Today, Facebook founder Mark Zuckerberg took part in hearings at the Financial Services Committee in the US Congress, where he tried to respond to fierce criticism of the Libra cryptocurrency.
Mark Zuckerberg answered questions from congressmen concerned about the creation of the Libra cryptocurrency. The hearings were opened by Maxine Waters, chair of the House Financial Services Committee. Her speech sounded extremely harsh, reports Financial Times. Waters accused Facebook of many shortcomings and failures, primarily in the inability to resist the spread of political propaganda in social networks, and concluded that these challenges must be addressed before launching such a large project as Libra. After Waters, the word passed to Zuckerberg, and then to Committee members. Criticism sounded from both the Democrats and Republicans.
One of the questions touched the issue of personal data privacy. Earlier Facebook received a fine of $5 billion for actions that entailed the leak of personal data to the British company Cambridge Analytica. According to Zuckerberg, in the near future the company will launch a new privacy protection system, which involves regular audits and reporting on measures taken.
Zuckerberg showed his determination to continue to develop the Libra crypto project. One of the first compromises he agreed to make was to limit the basket of fiat currencies to which cryptocurrency would be tied.
“I think it would be completely reasonable for our regulators to impose a restriction that says it has to be primarily US dollars.”
Zuckerberg also noted that Facebook would not launch Libra without getting green light from the US regulatory authorities. If other members of the Libra Association decide to launch the project without US approval, then Facebook will quit the association, Zuckerberg added.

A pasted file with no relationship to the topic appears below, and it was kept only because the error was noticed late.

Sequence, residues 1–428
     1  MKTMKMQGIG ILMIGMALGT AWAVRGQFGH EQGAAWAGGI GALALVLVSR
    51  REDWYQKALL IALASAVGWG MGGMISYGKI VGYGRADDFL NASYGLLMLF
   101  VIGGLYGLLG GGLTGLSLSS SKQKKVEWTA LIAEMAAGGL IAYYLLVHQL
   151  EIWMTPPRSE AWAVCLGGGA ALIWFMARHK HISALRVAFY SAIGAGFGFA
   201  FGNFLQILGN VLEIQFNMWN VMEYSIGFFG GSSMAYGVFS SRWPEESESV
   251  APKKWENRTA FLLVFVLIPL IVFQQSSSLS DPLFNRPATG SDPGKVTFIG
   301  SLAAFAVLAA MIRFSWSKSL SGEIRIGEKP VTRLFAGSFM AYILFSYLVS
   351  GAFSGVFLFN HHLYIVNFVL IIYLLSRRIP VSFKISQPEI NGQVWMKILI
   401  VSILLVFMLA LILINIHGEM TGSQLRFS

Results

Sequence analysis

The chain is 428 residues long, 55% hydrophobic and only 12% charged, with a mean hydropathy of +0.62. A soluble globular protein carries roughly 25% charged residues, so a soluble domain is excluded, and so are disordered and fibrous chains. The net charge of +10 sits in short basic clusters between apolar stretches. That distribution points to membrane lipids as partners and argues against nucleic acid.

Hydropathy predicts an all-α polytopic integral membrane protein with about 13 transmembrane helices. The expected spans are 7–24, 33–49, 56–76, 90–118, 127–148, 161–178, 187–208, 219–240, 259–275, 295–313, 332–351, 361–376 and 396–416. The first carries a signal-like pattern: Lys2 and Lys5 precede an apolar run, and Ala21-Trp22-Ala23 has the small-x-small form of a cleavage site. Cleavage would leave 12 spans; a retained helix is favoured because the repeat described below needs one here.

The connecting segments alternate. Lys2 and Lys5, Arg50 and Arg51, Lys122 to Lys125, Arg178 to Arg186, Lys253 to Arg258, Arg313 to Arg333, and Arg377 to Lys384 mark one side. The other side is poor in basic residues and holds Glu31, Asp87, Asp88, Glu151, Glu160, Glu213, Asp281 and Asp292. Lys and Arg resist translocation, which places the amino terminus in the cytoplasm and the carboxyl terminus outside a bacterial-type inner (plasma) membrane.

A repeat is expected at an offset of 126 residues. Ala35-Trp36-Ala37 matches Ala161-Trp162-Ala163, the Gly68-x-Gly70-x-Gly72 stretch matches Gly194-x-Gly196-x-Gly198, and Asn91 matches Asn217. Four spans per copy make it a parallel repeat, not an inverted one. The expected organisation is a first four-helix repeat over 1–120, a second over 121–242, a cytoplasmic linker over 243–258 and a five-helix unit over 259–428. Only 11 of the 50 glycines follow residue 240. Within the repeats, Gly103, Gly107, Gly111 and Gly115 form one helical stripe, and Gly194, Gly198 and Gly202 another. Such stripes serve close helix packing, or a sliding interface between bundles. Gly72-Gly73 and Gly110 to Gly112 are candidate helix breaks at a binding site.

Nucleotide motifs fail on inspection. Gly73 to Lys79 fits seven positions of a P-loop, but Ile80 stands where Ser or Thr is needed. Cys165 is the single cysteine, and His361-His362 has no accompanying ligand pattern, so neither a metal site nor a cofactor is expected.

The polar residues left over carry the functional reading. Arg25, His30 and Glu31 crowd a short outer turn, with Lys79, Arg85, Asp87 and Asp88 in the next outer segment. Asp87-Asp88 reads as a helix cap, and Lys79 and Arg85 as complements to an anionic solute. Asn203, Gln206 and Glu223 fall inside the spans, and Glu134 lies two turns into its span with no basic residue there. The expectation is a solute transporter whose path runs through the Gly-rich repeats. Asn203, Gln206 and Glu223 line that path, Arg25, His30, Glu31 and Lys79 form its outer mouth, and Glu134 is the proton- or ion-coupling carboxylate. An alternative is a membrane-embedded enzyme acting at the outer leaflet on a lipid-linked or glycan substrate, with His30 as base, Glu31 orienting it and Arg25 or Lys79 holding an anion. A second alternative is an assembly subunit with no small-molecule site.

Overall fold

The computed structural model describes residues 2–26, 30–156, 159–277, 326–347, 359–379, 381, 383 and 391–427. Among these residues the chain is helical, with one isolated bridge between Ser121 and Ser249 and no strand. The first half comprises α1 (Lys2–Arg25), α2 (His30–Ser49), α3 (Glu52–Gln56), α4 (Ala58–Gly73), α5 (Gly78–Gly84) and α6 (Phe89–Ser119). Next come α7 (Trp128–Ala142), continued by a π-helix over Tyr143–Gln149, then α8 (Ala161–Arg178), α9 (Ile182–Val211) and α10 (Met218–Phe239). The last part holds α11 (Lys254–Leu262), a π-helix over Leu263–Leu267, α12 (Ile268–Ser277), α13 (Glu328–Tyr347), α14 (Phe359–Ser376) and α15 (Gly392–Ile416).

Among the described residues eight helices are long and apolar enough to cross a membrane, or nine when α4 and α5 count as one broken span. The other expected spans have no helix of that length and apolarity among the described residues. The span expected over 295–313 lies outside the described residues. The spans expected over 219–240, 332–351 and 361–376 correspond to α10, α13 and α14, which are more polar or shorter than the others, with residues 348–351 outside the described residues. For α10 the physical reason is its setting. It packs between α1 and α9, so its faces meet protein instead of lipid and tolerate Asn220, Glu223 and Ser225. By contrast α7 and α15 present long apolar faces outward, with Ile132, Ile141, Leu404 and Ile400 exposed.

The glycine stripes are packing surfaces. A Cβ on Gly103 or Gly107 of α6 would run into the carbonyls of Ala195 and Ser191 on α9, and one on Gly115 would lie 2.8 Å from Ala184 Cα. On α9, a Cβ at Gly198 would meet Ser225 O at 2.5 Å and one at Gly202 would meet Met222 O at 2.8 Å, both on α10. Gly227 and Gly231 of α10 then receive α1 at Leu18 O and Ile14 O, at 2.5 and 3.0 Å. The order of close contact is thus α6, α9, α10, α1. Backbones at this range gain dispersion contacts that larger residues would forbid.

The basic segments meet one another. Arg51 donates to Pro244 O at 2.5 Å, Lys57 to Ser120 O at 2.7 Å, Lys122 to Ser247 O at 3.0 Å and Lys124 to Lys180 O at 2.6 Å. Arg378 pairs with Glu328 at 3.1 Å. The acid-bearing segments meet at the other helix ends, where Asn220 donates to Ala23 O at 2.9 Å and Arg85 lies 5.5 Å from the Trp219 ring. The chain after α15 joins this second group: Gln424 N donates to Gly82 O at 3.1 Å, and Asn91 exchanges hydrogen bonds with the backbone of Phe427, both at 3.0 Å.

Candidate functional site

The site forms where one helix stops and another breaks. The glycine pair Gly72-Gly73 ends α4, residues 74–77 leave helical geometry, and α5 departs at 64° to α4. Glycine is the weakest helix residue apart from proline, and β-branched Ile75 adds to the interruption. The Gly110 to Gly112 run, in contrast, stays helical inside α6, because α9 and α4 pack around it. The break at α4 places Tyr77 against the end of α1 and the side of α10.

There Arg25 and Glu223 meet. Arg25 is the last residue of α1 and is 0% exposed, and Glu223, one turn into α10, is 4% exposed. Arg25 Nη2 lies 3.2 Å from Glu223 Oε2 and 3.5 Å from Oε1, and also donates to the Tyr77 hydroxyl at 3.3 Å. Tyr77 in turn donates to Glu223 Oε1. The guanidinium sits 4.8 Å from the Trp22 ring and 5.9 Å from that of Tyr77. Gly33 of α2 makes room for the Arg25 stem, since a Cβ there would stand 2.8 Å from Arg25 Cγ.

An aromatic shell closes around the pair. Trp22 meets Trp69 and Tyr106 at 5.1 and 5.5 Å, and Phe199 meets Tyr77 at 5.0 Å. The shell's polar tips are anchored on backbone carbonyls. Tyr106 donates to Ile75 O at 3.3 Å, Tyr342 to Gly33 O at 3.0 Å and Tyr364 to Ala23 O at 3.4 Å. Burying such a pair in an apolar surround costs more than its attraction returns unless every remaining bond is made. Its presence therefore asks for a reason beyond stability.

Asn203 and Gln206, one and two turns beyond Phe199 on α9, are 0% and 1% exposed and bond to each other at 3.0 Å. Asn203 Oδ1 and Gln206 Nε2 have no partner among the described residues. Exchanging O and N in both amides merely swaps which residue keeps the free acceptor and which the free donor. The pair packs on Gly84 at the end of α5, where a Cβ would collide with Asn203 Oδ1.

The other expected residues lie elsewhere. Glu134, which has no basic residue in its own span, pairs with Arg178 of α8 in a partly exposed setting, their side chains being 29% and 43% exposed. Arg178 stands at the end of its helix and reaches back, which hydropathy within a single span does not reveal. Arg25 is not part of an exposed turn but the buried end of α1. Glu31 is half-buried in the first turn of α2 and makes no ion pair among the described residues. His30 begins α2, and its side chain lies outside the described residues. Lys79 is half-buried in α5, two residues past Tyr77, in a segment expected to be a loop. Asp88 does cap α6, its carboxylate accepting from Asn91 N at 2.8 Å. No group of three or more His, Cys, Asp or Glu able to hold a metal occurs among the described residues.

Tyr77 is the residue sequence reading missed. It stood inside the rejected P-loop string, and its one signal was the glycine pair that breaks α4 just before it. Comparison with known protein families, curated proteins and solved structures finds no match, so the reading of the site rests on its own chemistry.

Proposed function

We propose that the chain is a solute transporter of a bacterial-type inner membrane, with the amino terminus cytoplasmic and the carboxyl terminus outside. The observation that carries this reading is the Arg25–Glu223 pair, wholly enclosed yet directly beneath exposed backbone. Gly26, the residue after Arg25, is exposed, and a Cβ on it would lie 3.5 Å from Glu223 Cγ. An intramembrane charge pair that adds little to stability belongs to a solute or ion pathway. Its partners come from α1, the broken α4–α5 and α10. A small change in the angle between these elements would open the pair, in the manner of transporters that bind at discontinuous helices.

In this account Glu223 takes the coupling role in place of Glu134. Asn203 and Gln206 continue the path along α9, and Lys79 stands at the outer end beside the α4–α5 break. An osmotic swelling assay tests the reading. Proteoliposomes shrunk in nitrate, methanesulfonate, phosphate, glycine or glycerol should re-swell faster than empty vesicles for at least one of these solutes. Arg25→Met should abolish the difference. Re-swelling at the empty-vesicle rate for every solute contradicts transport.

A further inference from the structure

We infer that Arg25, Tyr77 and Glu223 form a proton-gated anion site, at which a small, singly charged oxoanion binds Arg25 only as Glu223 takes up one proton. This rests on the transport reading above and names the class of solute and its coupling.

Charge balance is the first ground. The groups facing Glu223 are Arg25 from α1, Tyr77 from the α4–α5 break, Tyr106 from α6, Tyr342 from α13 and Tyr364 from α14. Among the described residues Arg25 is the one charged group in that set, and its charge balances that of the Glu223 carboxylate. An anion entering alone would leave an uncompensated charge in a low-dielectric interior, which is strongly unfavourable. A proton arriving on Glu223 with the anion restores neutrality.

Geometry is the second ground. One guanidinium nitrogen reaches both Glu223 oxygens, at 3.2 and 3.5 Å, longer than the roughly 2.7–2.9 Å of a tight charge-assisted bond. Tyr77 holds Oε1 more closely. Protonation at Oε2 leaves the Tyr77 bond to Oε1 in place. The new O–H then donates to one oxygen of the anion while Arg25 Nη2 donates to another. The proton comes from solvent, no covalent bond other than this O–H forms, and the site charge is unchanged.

Republican Andy Barr was among those who spoke in defense of the Libra crypto project. He noted that authorities should not restrain innovation in financial services. According to him, congressmen prefer to criticize, but cannot create anything. Then Barr added that Zuckerberg should not introduce excessive censorship of political advertising on social networks or prohibit, for example, advertising in support of President Donald Trump.
One of Zuckerberg’s arguments in defense of the Libra crypto project was the confrontation with China. According to Zuckerberg, blocking Libra will make China be able to become the first in this race by issuing its own digital currency.
“This "digital renminbi" would be "part of their Belt and Road initiative, their kind of foreign and economic policy to grow influence in Asia and Africa and other areas. Libra is going to be backed mostly by dollars and I believe that it will extend America's financial leadership around the world, as well as our democratic values and an oversight,” Zuckerberg suggested.
According to Dan Ives, a tech analyst at Wedbush, Facebook's cryptocurrency project cannot survive without support of other technology and payment giants.
“It is unlikely Facebook can succeed without partner support, as the company lacks the infrastructure to handle a project of this magnitude in our opinion.”
Some major members of the Libra association, such as Visa, Mastercard, Uber, PayPal, have already left the project, and global regulators expressed concerns that Libra carries a risk to the global financial system and could complicate fight against money laundering.